a vector of strings.

class special_back_insert_iterator : public
std::back_insert_iterator<std::string> {
typedef std::back_insert_iterator<std::string> inherited;
public:
special_back_insert_iterator(std::string& s) : inherited(s) { }
special_back_insert_iterator& operator=(char c) {
if (ch == '(' || ch == ')') inherited::operator=('\\');
inherited::operator==(c);
return *this;
}
};

inline
special_back_insert_iterator special_back_inserter(std::string&)
{
return ...;
}

string s2;
transform(s.begin(), s.end(), special_back_inserter(s2));
Jul 22 '05 #4

P: n/a
"Siemel Naran" <Si*********@REMOVE.att.net> wrote in message
news:nx*******************@bgtnsc05-news.ops.worldnet.att.net...
"Jason Heyes" <ja********@optusnet.com.au> wrote in message
news:419b0f0b$0$24380
"Kian Goh" <ki**@hotmail.com> wrote in message

> For example:
> string s = "(abc)|(toto)|(lala)"
> will be become "\(abc\)|\(toto\)|\(lala\)"

string add_backslash_to_brackets(char ch)
{
string s(1, ch);
if (ch == '(' || ch == ')')
s.insert(s.begin(), '\\');
return s;
}

vector<string> v;
transform(s.begin(), s.end(), back_inserter(v),

add_backslash_to_brackets);
s = accumulate(v.begin(), v.end(), string());


Good.

Along the same lines, the function back_inserter(v) returns an iterator,
specifically a std::back_insert_iterator<std::vector<std::string> >, whose
operator= calls v.push_back(...). You could write your own
back_insert_iterator class too, thus avoiding the need to create strings
and
a vector of strings.

class special_back_insert_iterator : public
std::back_insert_iterator<std::string> {
typedef std::back_insert_iterator<std::string> inherited;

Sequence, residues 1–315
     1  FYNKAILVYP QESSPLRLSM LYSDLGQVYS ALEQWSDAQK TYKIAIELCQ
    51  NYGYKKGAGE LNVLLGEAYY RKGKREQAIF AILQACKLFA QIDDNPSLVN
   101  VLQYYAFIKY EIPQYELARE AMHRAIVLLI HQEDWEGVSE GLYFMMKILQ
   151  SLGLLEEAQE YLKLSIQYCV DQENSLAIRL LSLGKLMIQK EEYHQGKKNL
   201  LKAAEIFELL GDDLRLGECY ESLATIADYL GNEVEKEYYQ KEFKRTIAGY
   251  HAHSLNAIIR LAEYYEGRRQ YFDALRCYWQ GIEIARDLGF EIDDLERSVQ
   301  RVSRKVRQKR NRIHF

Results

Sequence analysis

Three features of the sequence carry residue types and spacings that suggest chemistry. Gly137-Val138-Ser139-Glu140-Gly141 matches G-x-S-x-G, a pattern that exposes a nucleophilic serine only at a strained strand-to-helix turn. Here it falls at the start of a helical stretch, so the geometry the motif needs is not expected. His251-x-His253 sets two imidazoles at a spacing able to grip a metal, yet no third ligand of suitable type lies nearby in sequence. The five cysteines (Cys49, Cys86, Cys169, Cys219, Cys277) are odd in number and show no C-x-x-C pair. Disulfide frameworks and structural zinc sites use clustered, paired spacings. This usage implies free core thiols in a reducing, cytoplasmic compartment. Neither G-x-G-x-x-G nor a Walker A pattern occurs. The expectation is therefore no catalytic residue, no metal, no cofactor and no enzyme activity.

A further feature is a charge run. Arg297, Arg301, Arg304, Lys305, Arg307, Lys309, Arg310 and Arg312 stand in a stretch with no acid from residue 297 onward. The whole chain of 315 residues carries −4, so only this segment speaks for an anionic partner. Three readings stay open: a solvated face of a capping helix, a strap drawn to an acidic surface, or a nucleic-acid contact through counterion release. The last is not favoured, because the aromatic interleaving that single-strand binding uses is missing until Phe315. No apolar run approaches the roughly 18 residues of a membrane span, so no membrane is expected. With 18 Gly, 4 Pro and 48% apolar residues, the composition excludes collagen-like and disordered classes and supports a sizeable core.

public:
special_back_insert_iterator(std::string& s) : inherited(s) { }
special_back_insert_iterator& operator=(char c) {
if (ch == '(' || ch == ')') inherited::operator=('\\');
inherited::operator==(c);
return *this;
}
};

inline
special_back_insert_iterator special_back_inserter(std::string&)
{
return ...;
}

string s2;
transform(s.begin(), s.end(), special_back_inserter(s2));


Nice. It all happens in one line of STL. I wonder how these STL solutions
compare with non-STL ones in terms of code complexity. Alot better I
presume.
Jul 22 '05 #5

P: n/a
On Tue, 16 Nov 2004 21:59:27 -0500 in comp.lang.c++, "Kian Goh"
<ki**@hotmail.com> wrote,
I would like to replace all the occurrence of "(" and ")"
in C++ std::string to "\(" and "\)".

#include <string>
#include <algorithm>
#include <numeric>
#include <iostream>

std::string changer(std::string was, char in)
{
if (in == '(')
return was+"\\(";
if (in == ')')
return was+"\\)";
return was+in;
};

int main()
{
std::string foo("(abc)|(toto)|(lala)");
std::string bar = std::accumulate(foo.begin(), foo.end(),
std::string(""), changer);
std::cout << bar;
}

Jul 22 '05 #6

P: n/a
"Jason Heyes" <ja********@optusnet.com.au> wrote in message
news:419b27d6$0$27445
"Siemel Naran" <Si*********@REMOVE.att.net> wrote in message

string s2;
transform(s.begin(), s.end(), special_back_inserter(s2));


Nice. It all happens in one line of STL. I wonder how these STL solutions
compare with non-STL ones in terms of code complexity. Alot better I
presume.


Except for the meaningless name 'special_back_inserter', the code above
looks simpler. However, it's not an inplace algorithm, therefore uses more
memory. John's suggestion is in in-place algorithm, though harder to
implement.
Jul 22 '05 #7